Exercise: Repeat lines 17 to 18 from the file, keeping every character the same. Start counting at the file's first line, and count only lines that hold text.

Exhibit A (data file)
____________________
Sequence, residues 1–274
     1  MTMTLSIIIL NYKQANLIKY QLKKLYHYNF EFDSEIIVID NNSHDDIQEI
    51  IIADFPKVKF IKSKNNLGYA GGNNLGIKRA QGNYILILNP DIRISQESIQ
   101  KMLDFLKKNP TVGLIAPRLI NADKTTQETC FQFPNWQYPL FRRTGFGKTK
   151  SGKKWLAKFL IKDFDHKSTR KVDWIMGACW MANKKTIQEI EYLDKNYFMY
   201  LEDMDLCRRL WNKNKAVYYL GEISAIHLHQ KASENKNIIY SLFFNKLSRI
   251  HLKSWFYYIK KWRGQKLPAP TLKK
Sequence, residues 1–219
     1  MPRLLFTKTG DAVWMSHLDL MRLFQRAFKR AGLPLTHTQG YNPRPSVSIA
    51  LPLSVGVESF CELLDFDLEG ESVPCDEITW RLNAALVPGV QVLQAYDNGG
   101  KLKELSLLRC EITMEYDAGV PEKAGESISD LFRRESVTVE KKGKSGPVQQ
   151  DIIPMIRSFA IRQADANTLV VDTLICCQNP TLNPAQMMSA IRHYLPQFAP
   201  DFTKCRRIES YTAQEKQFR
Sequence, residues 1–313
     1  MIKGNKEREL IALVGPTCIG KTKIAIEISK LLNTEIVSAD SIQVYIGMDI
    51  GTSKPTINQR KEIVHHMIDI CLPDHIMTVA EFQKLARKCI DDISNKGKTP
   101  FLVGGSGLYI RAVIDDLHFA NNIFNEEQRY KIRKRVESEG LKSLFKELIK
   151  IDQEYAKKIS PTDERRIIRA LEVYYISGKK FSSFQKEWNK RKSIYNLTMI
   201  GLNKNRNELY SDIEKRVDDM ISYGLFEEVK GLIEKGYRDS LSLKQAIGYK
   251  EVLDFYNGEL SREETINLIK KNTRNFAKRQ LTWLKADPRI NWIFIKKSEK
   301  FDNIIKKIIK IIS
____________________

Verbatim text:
   101  FLVGGSGLYI RAVIDDLHFA NNIFNEEQRY KIRKRVESEG LKSLFKELIK
   151  IDQEYAKKIS PTDERRIIRA LEVYYISGKK FSSFQKEWNK RKSIYNLTMI